In Conversation With Trevor: Judith Todd offers a glimpse into Rhodesia, detentions

In court in 1964 I was very optimistic about the future, so I took the occasion to pledge myself under the sentence of the law and order maintenance act, myself and my allegiance to Zimbabwe.

Zimbabwean author and former political activist, Judith Todd (JT) said detention, restriction and imprisonment without trial was the norm in the country under the rule of Ian Smith. Todd, the daughter of the late former Rhodesian prime minister, Sir Garfield Todd told Alpha Media Holdings chairman, Trevor Ncube (TN) on the programme In Conversation with Trevor that her first prison experience was in Marondera where she was kept in isolation at an African men only facility and then went on hunger strike before she was moved to Chikurubi in Harare where there were facilities for force feeding. Below are excerpts of the interview.

TN: Judith Todd, welcome to In Conversation With Trevor.

JT: Thank you Trevor, it is good to be with you again.

TN: I am delighted Judith that we created the time to do this conversation, there is so much to talk about. Your life is an amazing life in so many respects. There is just so much for people to learn from. You said Judith, that Zimbabwe has been your full-time commitment since 1965? You also said you have been married to Zimbabwe since 1965? Unpack that for us?

JT: I was lucky enough to be born at Dadaya Mission nearly 79 years ago, so it is not since 1965 only, it is for much longer. To be brought up in a vibrant community which included people like Ndabaningi Sithole. So, for example, when the Rhodesian Front were coming to power and were looking at people as potential enemies I actually had the privilege of knowing them as champions of what would one day be Zimbabwe. So what could be a better background?

TN: When you say you have been married to Zimbabwe for that long, how has that marriage turned out?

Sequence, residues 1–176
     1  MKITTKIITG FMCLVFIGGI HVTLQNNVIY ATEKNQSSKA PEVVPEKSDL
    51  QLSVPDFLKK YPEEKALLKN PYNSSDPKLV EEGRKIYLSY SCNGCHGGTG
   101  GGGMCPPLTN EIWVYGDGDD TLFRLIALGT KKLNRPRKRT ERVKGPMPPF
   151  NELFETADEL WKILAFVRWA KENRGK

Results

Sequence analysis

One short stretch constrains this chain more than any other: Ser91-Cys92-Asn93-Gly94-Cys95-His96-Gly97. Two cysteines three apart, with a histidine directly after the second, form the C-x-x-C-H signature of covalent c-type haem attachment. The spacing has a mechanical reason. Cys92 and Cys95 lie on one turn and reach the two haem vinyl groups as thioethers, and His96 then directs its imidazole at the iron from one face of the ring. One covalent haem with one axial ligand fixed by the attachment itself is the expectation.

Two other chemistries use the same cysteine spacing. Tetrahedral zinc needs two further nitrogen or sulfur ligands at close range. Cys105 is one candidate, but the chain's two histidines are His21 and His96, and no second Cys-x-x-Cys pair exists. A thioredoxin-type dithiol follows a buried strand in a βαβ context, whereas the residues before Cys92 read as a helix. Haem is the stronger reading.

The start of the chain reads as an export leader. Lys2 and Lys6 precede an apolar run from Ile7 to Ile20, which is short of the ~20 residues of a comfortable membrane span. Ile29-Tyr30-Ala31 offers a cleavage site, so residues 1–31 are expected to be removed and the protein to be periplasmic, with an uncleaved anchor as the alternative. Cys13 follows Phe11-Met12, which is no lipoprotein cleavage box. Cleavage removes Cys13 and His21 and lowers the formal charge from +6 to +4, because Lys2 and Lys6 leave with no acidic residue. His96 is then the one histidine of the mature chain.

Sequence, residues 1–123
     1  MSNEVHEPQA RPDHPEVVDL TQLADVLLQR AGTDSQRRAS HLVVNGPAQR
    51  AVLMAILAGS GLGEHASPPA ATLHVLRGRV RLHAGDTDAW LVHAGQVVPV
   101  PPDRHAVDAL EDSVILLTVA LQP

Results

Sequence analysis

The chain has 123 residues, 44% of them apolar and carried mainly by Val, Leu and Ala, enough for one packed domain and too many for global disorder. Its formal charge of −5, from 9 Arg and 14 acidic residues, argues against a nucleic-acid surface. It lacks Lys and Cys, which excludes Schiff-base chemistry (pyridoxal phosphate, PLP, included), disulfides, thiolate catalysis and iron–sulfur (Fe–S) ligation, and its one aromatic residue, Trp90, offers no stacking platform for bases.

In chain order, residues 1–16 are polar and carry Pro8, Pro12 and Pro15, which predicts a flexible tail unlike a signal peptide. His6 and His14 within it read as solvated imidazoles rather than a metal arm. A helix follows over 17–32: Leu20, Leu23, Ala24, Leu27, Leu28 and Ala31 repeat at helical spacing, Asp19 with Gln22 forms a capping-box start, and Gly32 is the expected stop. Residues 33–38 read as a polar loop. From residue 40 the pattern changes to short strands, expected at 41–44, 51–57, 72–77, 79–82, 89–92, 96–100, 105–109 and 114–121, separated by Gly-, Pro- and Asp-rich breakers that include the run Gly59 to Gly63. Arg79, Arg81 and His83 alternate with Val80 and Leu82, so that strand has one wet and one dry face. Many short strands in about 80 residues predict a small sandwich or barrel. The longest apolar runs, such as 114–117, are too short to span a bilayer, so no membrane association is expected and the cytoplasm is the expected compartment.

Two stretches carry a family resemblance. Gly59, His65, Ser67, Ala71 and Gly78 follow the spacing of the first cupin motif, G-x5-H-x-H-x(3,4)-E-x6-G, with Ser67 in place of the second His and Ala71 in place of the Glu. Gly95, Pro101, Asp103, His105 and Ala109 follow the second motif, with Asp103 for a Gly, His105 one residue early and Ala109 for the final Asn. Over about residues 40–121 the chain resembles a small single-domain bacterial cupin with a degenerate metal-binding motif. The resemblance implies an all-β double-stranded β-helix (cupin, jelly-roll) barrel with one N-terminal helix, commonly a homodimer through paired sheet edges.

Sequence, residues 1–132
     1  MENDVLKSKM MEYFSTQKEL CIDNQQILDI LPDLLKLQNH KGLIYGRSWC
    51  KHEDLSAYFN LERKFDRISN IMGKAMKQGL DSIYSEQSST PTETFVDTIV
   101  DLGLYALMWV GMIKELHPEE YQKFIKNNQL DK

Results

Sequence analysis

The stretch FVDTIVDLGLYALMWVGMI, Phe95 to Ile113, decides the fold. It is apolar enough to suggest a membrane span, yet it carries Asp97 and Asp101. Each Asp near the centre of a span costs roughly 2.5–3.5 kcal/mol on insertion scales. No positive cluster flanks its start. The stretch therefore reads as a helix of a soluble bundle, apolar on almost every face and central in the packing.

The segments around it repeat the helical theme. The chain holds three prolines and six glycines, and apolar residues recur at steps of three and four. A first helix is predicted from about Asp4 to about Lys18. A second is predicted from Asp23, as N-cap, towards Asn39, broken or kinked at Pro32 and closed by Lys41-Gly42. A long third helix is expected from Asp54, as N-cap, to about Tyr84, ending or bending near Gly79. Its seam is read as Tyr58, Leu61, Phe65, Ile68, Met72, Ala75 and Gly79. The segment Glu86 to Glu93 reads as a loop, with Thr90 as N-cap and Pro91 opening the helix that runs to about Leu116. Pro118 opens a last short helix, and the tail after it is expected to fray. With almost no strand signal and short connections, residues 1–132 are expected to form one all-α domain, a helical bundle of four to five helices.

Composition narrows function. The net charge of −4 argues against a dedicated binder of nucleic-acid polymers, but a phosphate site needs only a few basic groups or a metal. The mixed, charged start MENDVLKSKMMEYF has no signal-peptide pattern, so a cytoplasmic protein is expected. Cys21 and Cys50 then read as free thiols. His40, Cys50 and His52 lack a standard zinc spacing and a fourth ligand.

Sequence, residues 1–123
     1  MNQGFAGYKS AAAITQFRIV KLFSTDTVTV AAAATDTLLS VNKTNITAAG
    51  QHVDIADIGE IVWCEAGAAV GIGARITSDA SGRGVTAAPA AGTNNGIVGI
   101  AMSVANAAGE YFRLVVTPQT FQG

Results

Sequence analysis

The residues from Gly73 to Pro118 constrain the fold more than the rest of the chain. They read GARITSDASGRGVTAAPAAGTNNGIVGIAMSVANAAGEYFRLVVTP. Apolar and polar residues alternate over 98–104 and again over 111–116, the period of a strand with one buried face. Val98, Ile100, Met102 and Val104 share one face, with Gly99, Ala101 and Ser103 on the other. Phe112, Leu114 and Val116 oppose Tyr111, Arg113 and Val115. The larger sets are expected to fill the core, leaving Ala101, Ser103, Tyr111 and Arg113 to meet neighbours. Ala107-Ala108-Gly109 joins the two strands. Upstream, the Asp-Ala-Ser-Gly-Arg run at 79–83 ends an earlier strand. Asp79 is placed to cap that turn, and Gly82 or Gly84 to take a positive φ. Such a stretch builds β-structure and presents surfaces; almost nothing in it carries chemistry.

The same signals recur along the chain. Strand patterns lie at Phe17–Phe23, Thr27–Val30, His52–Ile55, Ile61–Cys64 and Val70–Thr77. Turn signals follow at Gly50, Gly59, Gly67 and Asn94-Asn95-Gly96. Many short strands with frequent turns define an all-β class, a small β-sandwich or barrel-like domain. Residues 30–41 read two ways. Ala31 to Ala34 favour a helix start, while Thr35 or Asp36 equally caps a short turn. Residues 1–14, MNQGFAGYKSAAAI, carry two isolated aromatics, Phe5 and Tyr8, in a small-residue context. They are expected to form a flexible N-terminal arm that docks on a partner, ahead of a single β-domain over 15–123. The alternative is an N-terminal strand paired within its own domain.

JT: It has had its ups and downs. Of course, there was Rhodesia before Zimbabwe, and that was a bit tough, but it has been a life of consequences. For example, when I was at the university with other people who turned out to be illustrious Zimbabweans in the future, like Byron Hove and company, we had a demonstration in 1964 against the banning of a Daily News we had then. That led to arrest and being found guilty through the Law and Order Maintenance Act, which was in force then. It led to the courts and it actually led me to getting a scholarship at Columbia University, if you can work that out. There was a benefactor of what was then a vibrant magazine, the Central African Examiner, called Harold Hockshield. In court in 1964 I was very optimistic about the future, so I took the occasion to pledge myself under the sentence of the law and order maintenance act, myself and my allegiance to Zimbabwe. The Magistrate was of course very angry, he said that was an almost revolutionary statement and he did not mean the word revolutionary in a praise worthy way. Anyway, this little magazine, the Central African Examiner, reprinted that speech of mine.

TN: Do you remember what you said Judith?

JT: I said under the sentence of law of the Law and Order Maintenance Act, I take this opportunity to pledge myself, my life, my ambitions to Zimbabwe, and I meant every word.

TN: Which is essentially throwing your full weight and whatever you were behind the liberation struggle?

JT: Absolutely, 1964 that was. So anyway, Harold Hockshield saw that speech in the Central African Examiner and he actually printed a whole lot of copies of it and sent it to friends and contacts of his all around the world. As a result of it I was offered a scholarship to Columbia University. I went off, very happy and privileged to be there. I went off at the beginning of 1965, but what happened in October 1965, my father was detained on our farm and we did not know this then but I think it was a precursor to the Unilateral Declaration of Independence (UDI) by Ian Smith and company, and I think that they thought he might try to form a government in exile if they continued with that illegal act. So they just got him out of the way. There I was at Columbia University. He (my father), was scheduled to go and speak at  Edinburgh University and as he was arrested by the police just before he got to the airport in Salisbury, word got out and Edinburgh University contacted me as asked if I would take my father’s place.

TN: Of course, your father was Sir Garfield Todd, the Prime Minister of the then Rhodesia, from 1952 to 1958, and that basically you ended up not graduating from Columbia? Or you went back to graduate at some point?